These days we’re seeing that it isn’t enough for big fashion brands to create a collection, cast top models, and have them strut down the runway. It also isn’t enough for fashion blogs to simply report on trends and street style. People want more. Increasingly, we’re noticing a demand for digital, innovative coverage. To satisfy this need, more and more traditional fashion labels are putting a spin on fashion reporting by emphasizing the digital developments. This year brands are stepping their tech game up and are coming up with clever, new ways to engage fashion week enthusiasts in and out of the tents. And we like it. Case and point: Kenneth Cole, Burberry, Topshop, Carolina Herrera, Moncler, just to name a few.
Here’s some of the digital highlights we loved during NYFW and what we’ve seen thus far at LFW.
Kenneth Cole Uses Social Media For A Cause
He’s back after a 7-year hiatus and is finding power in social media to benefit the less fortunate. Kenneth’s show included livestreams on Instagram, Pinterest, Facebook, Tumblr, and…well, you get the point. But it wasn’t just for the sake of social buzz; for every Kenneth Cole follower who tweeted using the hashtag #KCRUNWAY, KC donated $1 to amFAR, a foundation dedicated to AIDS research and education. Talk about a tweet that goes a long way!
Moncler Uses Special Effects To Blow Our Parkas Off
We couldn’t leave this off the list simply because it was so visually spectacular. In their show, the outerwear apparel company featured 370 models wearing a collection that just so happened to be green. With a mirrored ceiling, and bursts of flashing strobe lights, and loud music, the special effects were certainly awe-inspiring and absolutely worth a mention.
Tory Burch Livestreams Its Show On Facebook
We all know that livestream is now mainstream, but Tory decided she’d stream her delicious collection on her Facebook events page. There, guests were able to “go” to the event, which was hosted from the comfort of their own Facebook profile. Genius? Or would it have been better to livestream from their website? (The did just that for their Spring 2012’s show.)
Topshop Unique and Google Partner On The Runway
Following the success of DVF last season, Google paired up with Topshop for a social takeover. Dubbing their show “The Future of the Fashion Show,” Topshop Unique’s goal was to bring consumers even closer to the action than ever before. They did this by providing wearable, hi-def micro-cameras. Plus they used Google platforms such as Youtube and Goggle+ Hangouts, and allowed the models, guest celebrities, retail buyers, and the designers to be creative in ways to give consumers access to all parts of the fashion show.
Belstaff Livestreamed Via Their Mobile App
The British fashion house built their own app for NYFW available for download from its e-commerce site. Beyond sharing the runway show, Belstaff had well-known blogger, Bryanboy, host a pre-show, taking viewers backstage in the IAC headquarters to see the collection and preparations before it hit the runway. They even created a hashtag aggregate, #BelstaffLive, on the desktop version, allowing viewers to comment on the show and engage with others.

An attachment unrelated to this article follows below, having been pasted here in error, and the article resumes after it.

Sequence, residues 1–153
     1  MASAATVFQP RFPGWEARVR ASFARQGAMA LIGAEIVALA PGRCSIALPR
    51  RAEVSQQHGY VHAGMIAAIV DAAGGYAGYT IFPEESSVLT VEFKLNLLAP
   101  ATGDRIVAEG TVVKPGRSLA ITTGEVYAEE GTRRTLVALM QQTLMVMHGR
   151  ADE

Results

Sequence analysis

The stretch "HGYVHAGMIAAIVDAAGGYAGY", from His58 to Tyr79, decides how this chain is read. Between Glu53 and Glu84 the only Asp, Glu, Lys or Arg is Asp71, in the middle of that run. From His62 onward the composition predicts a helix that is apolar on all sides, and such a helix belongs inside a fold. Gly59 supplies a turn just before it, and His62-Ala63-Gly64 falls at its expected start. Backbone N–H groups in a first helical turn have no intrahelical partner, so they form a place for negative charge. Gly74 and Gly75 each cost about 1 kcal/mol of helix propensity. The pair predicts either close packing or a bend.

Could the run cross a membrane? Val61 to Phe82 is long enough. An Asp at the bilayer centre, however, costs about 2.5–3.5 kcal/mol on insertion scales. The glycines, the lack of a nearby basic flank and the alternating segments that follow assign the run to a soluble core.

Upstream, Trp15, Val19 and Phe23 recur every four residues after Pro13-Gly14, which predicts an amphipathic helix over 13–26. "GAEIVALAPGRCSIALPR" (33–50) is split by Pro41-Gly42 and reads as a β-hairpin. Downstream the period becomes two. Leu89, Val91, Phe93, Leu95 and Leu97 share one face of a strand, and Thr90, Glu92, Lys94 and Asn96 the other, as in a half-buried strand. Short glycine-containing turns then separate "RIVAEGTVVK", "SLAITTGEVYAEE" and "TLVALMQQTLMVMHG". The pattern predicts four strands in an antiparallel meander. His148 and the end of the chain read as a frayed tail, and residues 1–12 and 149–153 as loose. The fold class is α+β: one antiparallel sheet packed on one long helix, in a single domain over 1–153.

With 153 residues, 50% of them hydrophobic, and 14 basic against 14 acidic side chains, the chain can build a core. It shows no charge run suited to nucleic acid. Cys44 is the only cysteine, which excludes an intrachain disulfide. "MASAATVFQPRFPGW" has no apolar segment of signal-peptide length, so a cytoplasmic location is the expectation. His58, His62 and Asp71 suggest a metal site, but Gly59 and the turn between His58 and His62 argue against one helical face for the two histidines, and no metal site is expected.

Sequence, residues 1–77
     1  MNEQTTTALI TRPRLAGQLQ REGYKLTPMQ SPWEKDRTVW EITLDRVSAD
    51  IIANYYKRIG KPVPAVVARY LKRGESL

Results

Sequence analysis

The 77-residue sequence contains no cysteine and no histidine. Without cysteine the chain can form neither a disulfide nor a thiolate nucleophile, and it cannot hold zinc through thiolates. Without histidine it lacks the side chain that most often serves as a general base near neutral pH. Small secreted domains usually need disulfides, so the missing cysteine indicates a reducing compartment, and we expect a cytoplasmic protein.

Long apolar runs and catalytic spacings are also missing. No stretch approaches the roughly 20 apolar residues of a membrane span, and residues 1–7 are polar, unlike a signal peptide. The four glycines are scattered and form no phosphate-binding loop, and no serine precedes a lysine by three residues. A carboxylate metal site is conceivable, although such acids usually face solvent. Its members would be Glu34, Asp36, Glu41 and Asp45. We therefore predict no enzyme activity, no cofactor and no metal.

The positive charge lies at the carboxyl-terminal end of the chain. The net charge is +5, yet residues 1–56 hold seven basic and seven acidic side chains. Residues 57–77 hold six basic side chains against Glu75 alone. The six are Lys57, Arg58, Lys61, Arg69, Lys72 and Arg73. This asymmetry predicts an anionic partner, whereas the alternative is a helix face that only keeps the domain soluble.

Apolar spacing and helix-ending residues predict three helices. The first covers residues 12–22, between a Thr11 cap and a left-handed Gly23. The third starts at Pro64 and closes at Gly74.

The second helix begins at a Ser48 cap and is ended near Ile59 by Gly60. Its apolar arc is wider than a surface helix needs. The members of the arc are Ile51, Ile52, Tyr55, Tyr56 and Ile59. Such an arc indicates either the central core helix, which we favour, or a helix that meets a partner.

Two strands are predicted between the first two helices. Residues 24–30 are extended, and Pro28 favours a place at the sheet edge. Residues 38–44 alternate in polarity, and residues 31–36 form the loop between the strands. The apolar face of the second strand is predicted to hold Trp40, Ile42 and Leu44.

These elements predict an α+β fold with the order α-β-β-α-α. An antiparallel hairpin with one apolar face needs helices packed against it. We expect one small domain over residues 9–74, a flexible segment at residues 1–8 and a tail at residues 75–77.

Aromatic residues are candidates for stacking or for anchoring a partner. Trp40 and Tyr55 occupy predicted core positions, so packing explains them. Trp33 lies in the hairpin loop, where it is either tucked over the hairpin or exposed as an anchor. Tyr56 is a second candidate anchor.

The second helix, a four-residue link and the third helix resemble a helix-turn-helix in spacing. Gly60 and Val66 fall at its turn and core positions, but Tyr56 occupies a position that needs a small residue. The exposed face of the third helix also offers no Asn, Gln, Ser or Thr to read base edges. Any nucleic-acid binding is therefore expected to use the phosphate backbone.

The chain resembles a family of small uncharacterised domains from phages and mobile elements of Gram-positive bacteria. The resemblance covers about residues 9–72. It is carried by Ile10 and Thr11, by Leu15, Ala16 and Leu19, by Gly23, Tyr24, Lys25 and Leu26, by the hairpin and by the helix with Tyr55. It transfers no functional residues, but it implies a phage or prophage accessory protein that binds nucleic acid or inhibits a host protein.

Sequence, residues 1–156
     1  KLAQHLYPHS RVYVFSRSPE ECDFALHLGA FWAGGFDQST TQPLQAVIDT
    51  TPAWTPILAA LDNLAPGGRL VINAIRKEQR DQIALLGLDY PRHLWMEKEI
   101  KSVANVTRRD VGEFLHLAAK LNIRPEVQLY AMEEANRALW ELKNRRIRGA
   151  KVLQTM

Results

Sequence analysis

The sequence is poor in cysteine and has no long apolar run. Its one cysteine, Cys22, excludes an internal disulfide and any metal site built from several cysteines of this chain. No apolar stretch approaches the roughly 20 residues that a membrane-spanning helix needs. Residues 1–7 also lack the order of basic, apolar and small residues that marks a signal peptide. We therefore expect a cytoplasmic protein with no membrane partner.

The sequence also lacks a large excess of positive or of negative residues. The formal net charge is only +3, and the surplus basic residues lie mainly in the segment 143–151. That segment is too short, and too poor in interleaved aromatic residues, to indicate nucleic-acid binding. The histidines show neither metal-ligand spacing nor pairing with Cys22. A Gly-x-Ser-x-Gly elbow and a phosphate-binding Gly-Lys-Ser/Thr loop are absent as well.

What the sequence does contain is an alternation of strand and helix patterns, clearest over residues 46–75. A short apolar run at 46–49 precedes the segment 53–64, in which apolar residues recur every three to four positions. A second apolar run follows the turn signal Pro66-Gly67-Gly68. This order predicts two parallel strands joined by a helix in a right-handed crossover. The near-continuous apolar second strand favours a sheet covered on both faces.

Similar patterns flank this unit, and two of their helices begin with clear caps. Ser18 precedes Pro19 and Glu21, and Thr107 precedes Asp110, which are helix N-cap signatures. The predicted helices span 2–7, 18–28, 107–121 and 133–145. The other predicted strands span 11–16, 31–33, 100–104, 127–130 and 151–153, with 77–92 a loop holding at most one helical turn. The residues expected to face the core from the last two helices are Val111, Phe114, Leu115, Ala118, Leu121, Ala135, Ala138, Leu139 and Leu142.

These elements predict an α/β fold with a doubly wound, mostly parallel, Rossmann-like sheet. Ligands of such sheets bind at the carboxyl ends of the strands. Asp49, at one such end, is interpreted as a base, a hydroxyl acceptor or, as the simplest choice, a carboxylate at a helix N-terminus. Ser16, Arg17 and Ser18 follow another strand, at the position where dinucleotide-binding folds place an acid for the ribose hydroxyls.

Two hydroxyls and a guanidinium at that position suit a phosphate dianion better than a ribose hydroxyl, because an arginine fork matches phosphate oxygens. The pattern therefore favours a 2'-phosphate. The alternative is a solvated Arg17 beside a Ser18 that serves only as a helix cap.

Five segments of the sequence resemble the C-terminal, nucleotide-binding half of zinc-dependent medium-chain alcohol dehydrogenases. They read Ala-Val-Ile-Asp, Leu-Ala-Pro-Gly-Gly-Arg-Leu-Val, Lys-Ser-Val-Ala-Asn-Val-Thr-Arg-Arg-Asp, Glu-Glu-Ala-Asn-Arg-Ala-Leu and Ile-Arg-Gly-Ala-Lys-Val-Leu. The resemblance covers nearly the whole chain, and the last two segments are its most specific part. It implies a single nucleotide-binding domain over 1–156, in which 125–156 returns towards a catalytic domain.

Carolina Herrera Allows You To Shop Her Collection Through ShopBazaar
Sticking to the industry’s new promise of shopping fashion just after it appears on the runway, Carolina Herrera teamed up with ShopBazaar to offer her Spring 2013 designs right off the catwalk. As the designer’s collection made its way down the runway at Lincoln Center, five looks styled by Harper’s Bazaar editors were available for purchase online.
Burberry Livestreams Activity Online AND Offline
Being digital leaders in the luxury space, Burberry took it one step further this season, streaming all activity online and in stores. The brand’s Regent Street store had 3-D livestreaming hubs installed and an in-and-out satellite link so in-store customers can see Burberry shows anywhere in the world as they happen, and concurrently, the world can see shows that happen in-store. In addition, there are screens that stretched from floor to ceiling and wrapped the entire location, morphing the London store into an immersive video experience. RFID chips were attached to numerous products generating content that informed consumers on a number of looks, including information on how that fashion was made and how they were developed.
Todd Snyder Turns to Hipstamatic for Digital Prints
Having attended the Todd Snyder presentation a couple of weeks ago, we couldn’t help but notice the big metal prints near the entrance of the show. Turns out, Hipstimatic collaborated with the ex-J.Crew menswear designer to bring some edgy portraits to the surface. Not only did they partner up with this startup, they also collaborated with Songza to curate a “Todd Snyder playlist” which you can still jam out to here.
So now that NYFW is over, we want to know: What are your thoughts? Did this season exceed last season’s digital trends? What do you hope to see happen next year? Share your thoughts with us through Twitter, @3rdwavefashion.
Cyndi Ramirez was Third Wave Fashion’s Brand & Business Development Manager. Third Wave Fashion has been your fashion tech think tank since 2011. We publish the first ever printed fashion tech magazine, Third Wave. Follow us on Twitter or subscribe to our newsletter to stay on top of the latest in fashion tech + wearables.